Tuesday, April 29, 2008

Notorious Uptown

We recently found a couple of books, Return to the Scene of the Crime, and its sequel, Return Again to the Scene of the Crime, by Richard Lindberg, that go to infamous places in Chicago, tell the stories of what happened there, and mention what's there now.

Uptown and its gangster past are well-represented (although the author makes disapproving comments about present-day Uptown). We recommend the books to anyone who might be interested in Uptown's -- and Chicago's -- past, and finding out who walked these streets and inhabited these buildings before we did.

Inspired by the books, Uptown Update made a few trips to places mentioned. We'll do an occasional series visiting scenes of Uptown's Notorious Past.

Today, in honor of Johnny Depp and Public Enemies filming in Uptown, The John Dillinger Edition:

Dillinger's Hideout: 4310 North Clarendon. In autumn 1933, Dillinger and his gang rented a "stately" six-room apartment on the third floor. They were "good neighbors" and kept to themselves, according to people in the building, and spent much time sitting on the veranda and talking. In mid-November, the place was raided, but Dillinger had gotten advance notice and was long gone.

Dillinger's Funeral Home: 4508 (was 4506) Sheridan. Dillinger was shot near the Biograph Theatre in July 1934. He was taken to McCready Funeral Home in Uptown, now a private residence, where his father claimed his remains. Thousands of curious Chicagoans lined Sheridan Road to see his body, but were turned away. The "M" on the turret of the home is a reminder of its days as McCready's. Several of our older Uptown neighbors remember going to funerals here, although no one admits to seeing Dillinger.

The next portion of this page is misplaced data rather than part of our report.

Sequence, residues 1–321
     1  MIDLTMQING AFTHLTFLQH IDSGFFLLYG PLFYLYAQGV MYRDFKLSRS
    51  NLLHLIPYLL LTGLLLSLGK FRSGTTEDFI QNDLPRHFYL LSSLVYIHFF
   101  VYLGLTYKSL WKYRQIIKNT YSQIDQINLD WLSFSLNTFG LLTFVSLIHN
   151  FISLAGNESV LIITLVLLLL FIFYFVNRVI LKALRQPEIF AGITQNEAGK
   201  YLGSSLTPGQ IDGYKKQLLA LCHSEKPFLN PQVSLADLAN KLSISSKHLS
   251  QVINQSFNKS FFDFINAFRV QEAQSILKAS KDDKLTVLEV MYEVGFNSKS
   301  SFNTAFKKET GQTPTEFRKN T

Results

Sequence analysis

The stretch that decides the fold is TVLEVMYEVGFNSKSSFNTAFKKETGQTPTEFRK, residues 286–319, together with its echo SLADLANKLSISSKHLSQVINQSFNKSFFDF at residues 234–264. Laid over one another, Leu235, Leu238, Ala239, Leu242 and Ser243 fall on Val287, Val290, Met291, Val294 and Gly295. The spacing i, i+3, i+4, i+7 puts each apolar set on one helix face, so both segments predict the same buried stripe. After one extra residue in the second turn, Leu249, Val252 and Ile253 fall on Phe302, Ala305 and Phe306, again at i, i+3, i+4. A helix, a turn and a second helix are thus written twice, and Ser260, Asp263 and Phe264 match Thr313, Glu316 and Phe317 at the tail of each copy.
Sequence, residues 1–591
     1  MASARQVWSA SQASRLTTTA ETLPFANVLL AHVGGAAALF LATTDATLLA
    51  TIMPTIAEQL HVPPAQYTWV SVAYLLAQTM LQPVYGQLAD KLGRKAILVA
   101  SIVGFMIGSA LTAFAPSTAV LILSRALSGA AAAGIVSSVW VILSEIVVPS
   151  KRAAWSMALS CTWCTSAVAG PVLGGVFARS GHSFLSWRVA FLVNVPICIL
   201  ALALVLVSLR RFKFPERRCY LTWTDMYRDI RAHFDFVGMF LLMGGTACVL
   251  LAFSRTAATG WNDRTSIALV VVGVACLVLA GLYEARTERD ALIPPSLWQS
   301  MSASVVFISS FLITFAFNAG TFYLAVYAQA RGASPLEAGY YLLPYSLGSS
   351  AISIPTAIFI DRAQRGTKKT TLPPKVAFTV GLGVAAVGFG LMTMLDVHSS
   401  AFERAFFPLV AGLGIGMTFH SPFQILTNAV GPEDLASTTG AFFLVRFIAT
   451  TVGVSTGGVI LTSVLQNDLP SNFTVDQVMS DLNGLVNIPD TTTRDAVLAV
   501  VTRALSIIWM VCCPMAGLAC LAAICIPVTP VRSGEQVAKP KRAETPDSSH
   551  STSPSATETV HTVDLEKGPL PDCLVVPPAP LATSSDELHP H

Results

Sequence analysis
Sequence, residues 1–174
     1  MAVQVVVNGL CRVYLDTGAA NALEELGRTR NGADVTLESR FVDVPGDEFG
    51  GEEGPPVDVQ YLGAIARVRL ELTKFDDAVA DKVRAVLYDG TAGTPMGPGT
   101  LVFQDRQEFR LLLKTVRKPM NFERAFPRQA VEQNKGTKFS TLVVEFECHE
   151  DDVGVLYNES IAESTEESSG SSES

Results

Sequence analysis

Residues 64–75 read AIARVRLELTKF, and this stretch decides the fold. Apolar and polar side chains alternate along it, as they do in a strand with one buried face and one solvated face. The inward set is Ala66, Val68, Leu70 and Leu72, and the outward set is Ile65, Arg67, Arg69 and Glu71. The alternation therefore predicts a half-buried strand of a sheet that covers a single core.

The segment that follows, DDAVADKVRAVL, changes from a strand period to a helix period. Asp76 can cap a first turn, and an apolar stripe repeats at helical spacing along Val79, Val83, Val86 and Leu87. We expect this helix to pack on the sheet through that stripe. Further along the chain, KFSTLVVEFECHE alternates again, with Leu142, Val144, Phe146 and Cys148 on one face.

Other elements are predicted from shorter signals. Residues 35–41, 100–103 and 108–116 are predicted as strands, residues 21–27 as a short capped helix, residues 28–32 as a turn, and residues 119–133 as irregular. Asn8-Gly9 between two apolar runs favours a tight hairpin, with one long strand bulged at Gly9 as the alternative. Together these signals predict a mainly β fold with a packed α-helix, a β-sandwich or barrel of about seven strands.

Other nearby Dillinger sites:

  • 3512 North Halsted (at Brompton). After escaping from an Indiana jail in March 1934, Dillinger went directly to Chicago, and hid out for a night just a block from the Town Hall police station. He stayed at the 2nd floor apartment belonging to the sister of his girlfriend, Billie Frechette.
  • 3504 North Sheffield. The Sheffield Hotel was a bordello belonging to Anna Sage, the Lady in Red, who betrayed Dillinger to the cops.
  • 1123 West Argyle. The offices of Dr. Harold Cassidy, who performed plastic surgery on Dillinger in May 1934 to disguise his appearance.


  1. This is really interesting! Thanks Uptown Update!

  2. What did they say about present-day Uptown?

  3. He makes the present-day conditions sound like Hell's Kitchen of yore. We all have valid complaints about parts of Uptown, but the author sees nothing good and no hope.

    "The former McCready funeral home ... is a private residence nested among a row of low-income SROs and other residential buildings in a section of Uptown caught in the grind of gangs, drugs, and street crime."

    Whereas I think of it as the block with Pollo Loco, where I got my business cards printed, and around the corner from the vintage building where my friend lives.

    About another property: "One senses a certain loss of dignity. Like other residential and commercial sections of Uptown, this building suffers from urban decay and neglect. When its street-level retail addresses were not defaced by the ugly collage of discount stores that are there now..."

    And on and on. It gets a bit wearisome to read after a while.

  4. Yes, thank you Uptown Update. This makes me actually feel like I live in a cool neighborhood.

  5. Another one of Lindberg's books that is quite good is, Chicago by Gaslight: A History of Chicago's Netherworld 1880-1920.

  6. Does anyone know what streets the movie is being filmed on? They usually bring in old cars and other props. Interesting to check out.

  7. Decay, neglect, ugly collage of discount stores, SROs ..., gangs.

    Sounds like the hammer hitting the nail, to me.